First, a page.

Nerveless Australia edge to victory
An undistinguished batting display from England allowed Australia to steal in and eke out a narrow four-run win in a tense curtain-raiser to the NatWest Series at the Brit Oval.
After Callum Ferguson’s superbly compiled 71 not out from 75 balls hauled the tourists up to 260 for five, England simply gave their lower order too much to do as they ended on 256 for eight from their 50 overs.
Adil Rashid’s gutsy array of lower-order hitting gave England a glimpse of victory as he and Luke Wright (38 from 24) almost saw Andrew Strauss’ side over the line.
In the end, however, the home crowd were left to rue what might have been as Rashid’s pulsating unbeaten 31 from 23 balls proved in vain.
The home side’s chase began badly as Strauss departed early, the skipper snicking Brett Lee comfortably into Cameron White’s grasp at first slip for 12 off 14 balls.
Ravi Bopara and Matt Prior both appeared unhurried in playing themselves in, the home side accumulating quietly as the pair pushed and nudged their way through the powerplays.
Indeed, on a pitch conducive to spin even the introduction of Nathan Hauritz failed to stem the deluge of singles as the duo brought up the fifty-partnership off 73 balls in the 17th over.
With the score on 83 Prior was the first to go when - having appeared untroubled - he played a reverse sweep to Hauritz and was caught by Mitchell Johnson at short third man for 27 off 47 balls.
Owais Shah’s arrival at the crease brought with it a crunching boundary through the covers as he greeted Lee’s second spell. His second four came two balls later with an unorthodox paddle off the back foot to fine-leg.
The momentum of England’s innings was disrupted further however with the dismissal of Bopara, who was one run shy of his fifth ODI fifty when he leaned forward to a floated Hauritz delivery - his 88th - and was summarily stumped by wicketkeeper Tim Paine.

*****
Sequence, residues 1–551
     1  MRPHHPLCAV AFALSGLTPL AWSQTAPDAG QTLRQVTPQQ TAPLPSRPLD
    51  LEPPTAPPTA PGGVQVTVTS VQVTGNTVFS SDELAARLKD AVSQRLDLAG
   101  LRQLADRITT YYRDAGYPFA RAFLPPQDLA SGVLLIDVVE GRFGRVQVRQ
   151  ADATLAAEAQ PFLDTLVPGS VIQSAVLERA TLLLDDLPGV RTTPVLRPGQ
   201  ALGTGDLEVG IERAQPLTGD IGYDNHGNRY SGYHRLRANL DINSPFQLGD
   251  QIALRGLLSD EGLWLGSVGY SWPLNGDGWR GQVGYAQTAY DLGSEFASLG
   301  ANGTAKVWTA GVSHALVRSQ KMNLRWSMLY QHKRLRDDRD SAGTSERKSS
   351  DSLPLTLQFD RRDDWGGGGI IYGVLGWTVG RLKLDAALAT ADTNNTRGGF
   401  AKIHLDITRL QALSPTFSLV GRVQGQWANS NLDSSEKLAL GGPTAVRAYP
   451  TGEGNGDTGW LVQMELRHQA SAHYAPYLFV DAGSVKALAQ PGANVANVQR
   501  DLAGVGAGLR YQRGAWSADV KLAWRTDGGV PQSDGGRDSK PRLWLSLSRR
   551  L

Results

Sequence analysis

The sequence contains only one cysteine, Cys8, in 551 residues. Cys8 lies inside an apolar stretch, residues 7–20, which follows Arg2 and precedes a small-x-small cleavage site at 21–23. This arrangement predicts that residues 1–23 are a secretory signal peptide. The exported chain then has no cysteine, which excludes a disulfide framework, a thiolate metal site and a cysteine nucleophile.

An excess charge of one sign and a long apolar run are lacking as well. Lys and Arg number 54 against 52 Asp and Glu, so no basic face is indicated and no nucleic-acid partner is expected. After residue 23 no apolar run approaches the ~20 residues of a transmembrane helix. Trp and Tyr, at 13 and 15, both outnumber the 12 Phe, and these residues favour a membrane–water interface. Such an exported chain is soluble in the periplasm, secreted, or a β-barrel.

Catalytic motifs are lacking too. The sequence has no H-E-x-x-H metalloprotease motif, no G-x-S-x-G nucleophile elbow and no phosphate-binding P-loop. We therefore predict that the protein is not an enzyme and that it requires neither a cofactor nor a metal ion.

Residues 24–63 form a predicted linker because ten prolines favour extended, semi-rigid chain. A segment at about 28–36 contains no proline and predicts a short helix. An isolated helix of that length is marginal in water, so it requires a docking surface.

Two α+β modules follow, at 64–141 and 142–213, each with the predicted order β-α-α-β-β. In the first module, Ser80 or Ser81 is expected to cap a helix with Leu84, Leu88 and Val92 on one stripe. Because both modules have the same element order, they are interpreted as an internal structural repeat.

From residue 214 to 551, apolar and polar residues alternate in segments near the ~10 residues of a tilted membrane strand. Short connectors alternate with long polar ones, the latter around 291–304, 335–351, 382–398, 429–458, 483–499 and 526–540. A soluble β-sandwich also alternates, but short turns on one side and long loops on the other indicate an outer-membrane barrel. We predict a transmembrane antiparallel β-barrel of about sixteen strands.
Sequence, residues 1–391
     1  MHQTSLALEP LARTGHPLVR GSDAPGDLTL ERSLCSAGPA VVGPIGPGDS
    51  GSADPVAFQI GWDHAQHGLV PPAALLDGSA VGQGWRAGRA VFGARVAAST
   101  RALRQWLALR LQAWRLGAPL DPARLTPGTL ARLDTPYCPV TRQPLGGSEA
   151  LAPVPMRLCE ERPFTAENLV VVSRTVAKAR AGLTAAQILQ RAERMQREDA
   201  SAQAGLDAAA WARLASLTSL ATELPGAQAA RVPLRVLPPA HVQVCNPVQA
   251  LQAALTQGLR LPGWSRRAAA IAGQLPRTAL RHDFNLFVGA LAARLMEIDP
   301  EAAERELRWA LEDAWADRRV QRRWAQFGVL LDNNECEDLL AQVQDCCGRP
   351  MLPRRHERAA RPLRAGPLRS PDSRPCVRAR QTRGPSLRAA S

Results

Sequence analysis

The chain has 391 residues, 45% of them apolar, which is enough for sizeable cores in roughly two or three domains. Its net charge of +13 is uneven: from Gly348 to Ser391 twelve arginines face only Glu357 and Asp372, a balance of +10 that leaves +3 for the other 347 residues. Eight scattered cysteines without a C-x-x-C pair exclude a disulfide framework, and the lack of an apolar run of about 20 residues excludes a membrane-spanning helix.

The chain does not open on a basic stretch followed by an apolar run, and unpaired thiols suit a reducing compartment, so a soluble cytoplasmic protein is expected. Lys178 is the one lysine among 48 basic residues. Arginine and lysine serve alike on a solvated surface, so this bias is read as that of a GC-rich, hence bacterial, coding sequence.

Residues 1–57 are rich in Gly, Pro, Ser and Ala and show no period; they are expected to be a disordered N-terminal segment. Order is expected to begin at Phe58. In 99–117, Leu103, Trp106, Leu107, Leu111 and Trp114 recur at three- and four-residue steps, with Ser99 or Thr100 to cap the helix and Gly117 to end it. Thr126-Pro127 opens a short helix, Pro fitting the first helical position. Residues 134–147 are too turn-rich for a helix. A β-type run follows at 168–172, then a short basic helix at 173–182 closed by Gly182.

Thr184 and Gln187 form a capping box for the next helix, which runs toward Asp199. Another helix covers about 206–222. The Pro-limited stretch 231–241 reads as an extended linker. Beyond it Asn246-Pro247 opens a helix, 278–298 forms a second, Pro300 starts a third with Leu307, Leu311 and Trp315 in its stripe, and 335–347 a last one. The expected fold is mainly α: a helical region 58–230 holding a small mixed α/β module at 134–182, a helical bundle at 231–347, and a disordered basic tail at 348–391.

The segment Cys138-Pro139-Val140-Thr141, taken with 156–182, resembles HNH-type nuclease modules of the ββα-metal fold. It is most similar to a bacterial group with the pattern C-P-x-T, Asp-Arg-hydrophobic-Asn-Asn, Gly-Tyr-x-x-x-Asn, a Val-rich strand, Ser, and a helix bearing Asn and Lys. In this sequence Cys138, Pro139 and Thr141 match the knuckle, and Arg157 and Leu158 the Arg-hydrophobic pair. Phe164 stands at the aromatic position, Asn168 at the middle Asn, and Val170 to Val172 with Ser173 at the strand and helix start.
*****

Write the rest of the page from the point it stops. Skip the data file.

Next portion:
Shah looked likely to cut loose when he flicked Johnson to fine-leg for four on his reintroduction, however he fell next ball for 40 from 48 balls in unusual circumstances when he trod on his leg stump playing the same shot.
Paul Collingwood, who had faced 39 balls during a laboured knock, then clipped Johnson to Shane Watson at midwicket for 23 to leave England on 168 for five.
Luke Wright’s handsome six off Watson’s next over gave a dormant crowd hope but Stuart Broad’s tame dismissal in lobbing a short ball from Johnson to Michael Clarke at point for two shortly afterwards left England again in peril.
With England stuttering it was left to Wright to seize the initiative as he welcomed Lee’s introduction at the start of the third powerplay with a couple of meaty boundaries.
Nathan Bracken’s following over was flayed for two more fours as Rashid pierced the gaps in the covers, with Wright again showing his class by sweeping Watson over fine-leg for four shortly afterwards.
Wright’s wicket looked the deciding factor and so it proved. The all-rounder was unluckily run out for 38 from only 27 balls by Paine after missing an attempted sweep at Lee, which coincidentally was a no-ball.
Graeme Swann came and went when for four he nicked Watson’s slower ball behind, and despite some admirable hitting from Rashid - particularly against Lee - he and Ryan Sidebottom fell agonisingly short from Bracken’s last over.
Previously in the day Australia had also got off to a poor start when Watson gifted England an early breakthrough as he ran out Paine for a duck after calling him through for a suicidal run to Collingwood at backward point.
Watson rebuilt with White, batting at number three, and they guided Australia past the 50-mark with ease.
Indeed, the Test opener continued his productive tour in elegant fashion and looked set for a big score until he contrived to literally hand Collingwood his first wicket as he meekly turned back an innocuous delivery off the leading edge to fall caught and bowled for 46 from 50 balls.
His dismissal proved pivotal as England smothered the tourists from that point onwards, in spite of White bringing up the Australia hundred with his seventh boundary, and his own half-century from 64 balls shortly afterwards.
White’s needless run-out after he had made an attractive 53 from 71 balls brought Clarke and Ferguson together, and the pair added 79 in 18.1 overs before the latter fell to Collingwood for 45 from 72 balls.
Ferguson’s half-century - his fourth in ODI’s - arrived from 62 deliveries as he and Mike Hussey (20 from 14 balls) looked to kick on in the final powerplay.
Hussey’s knock was cut short by a Sidebottom yorker, with James Hopes (17 not out from 10 balls) and Ferguson then hauling the tourists past the 250-mark and beyond during a final frantic few overs.